Power struggles

At present, Scottish electricity generators face much higher transmission charges than their counterparts south of the Border. This is because the National Grid operates a regime – called "locational charging" – aimed at encouraging generators to locate closer to the UK's major electricity consumption in the South of England.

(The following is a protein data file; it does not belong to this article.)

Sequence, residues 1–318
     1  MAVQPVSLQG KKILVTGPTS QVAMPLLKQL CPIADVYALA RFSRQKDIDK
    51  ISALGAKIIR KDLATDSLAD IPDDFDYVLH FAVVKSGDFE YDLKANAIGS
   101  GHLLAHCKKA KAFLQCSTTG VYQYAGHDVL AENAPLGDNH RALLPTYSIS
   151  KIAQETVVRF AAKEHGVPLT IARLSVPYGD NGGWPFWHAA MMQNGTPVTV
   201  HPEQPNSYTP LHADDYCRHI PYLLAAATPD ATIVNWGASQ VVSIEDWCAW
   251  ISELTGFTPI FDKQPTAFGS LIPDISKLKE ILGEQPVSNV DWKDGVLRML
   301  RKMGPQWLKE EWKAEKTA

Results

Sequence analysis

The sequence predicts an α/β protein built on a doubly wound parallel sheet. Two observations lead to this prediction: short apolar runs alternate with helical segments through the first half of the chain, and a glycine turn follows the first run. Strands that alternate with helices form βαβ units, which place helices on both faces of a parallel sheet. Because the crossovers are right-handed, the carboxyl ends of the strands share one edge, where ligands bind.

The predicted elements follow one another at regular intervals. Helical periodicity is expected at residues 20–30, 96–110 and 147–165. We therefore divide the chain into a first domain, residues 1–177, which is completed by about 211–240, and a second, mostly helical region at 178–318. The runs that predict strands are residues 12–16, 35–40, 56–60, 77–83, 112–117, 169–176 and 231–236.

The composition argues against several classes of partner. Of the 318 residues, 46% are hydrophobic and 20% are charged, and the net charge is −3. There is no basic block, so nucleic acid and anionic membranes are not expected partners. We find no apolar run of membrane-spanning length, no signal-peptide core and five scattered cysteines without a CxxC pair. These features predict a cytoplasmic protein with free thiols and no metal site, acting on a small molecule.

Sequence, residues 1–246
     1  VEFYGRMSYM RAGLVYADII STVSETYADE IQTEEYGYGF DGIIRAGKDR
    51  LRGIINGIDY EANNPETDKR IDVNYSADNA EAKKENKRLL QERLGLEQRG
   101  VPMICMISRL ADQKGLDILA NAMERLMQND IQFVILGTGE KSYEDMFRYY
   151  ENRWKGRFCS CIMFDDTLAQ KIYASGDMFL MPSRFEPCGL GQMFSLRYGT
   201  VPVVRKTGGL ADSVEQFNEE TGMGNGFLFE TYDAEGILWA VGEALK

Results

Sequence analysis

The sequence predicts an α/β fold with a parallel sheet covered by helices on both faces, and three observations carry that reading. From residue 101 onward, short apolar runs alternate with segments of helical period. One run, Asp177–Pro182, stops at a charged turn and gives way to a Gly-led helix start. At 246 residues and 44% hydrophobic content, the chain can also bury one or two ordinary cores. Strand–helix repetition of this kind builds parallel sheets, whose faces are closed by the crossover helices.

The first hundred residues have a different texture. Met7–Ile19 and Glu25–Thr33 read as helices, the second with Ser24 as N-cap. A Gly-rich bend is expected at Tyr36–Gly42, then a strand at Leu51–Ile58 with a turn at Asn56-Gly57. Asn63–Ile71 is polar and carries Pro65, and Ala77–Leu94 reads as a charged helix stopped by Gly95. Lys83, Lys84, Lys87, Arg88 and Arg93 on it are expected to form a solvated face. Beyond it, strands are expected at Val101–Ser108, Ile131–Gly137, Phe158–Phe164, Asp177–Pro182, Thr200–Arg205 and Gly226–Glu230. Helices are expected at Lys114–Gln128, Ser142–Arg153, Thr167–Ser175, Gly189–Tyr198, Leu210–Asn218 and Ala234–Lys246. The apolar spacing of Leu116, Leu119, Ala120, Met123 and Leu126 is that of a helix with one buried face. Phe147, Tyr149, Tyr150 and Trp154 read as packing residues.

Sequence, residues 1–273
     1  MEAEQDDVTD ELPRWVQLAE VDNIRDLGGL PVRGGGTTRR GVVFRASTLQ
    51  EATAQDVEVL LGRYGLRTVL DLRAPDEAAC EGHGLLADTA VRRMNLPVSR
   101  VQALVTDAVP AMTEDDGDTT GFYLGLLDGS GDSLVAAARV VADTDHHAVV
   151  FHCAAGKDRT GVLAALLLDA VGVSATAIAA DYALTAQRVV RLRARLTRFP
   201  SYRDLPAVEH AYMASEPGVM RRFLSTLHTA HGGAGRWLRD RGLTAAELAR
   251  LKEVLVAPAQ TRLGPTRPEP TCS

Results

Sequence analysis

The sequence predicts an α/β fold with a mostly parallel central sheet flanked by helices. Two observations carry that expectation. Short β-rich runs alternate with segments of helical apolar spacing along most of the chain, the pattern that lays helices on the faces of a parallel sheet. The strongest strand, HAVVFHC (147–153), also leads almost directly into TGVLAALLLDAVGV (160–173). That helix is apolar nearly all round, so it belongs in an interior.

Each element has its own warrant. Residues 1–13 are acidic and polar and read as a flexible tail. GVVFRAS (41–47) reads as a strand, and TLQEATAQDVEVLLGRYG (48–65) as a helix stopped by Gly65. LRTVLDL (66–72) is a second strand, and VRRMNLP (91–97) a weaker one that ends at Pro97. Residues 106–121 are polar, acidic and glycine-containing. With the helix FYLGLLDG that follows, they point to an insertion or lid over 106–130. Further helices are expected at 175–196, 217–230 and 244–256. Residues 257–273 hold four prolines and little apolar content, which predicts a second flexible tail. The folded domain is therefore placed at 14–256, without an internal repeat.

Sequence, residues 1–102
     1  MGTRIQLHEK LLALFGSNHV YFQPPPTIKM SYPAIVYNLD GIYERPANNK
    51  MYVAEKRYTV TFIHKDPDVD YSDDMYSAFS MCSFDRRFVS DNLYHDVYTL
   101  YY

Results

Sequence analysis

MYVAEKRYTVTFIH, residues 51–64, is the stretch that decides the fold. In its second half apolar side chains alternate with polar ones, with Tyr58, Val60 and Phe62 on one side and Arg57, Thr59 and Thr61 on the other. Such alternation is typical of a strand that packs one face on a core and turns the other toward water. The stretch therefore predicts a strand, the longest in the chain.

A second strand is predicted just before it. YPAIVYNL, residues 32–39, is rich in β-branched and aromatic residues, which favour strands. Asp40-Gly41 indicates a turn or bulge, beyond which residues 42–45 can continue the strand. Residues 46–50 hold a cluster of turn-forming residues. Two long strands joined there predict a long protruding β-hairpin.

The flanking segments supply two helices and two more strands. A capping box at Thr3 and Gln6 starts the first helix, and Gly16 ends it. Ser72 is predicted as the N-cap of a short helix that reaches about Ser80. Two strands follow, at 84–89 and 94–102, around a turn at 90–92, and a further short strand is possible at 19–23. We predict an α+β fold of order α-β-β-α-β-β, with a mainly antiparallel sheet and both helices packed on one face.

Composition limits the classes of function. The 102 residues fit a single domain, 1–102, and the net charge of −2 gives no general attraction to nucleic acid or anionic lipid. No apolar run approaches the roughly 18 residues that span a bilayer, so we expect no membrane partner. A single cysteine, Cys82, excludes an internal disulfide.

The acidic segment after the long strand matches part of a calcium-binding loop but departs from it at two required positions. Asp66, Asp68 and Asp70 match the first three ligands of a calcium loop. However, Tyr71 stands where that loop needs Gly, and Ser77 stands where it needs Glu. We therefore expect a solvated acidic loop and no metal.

By some hocus-pocus, this means that, while connection to the grid in the North Highlands costs 26 per unit, connection to the same grid in Cornwall receives a bounty of 6 per unit.

This being the case, one wonders why the electricity-generating companies are so keen to promote the upgrade of the National Grid, from Beauly to Denny, in order to send power down to the south of England. Is this fair, or sensible, and why do we, in Scotland, put up with it?

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NORMAN SMITH

Aberdour Road

Burntisland, Fife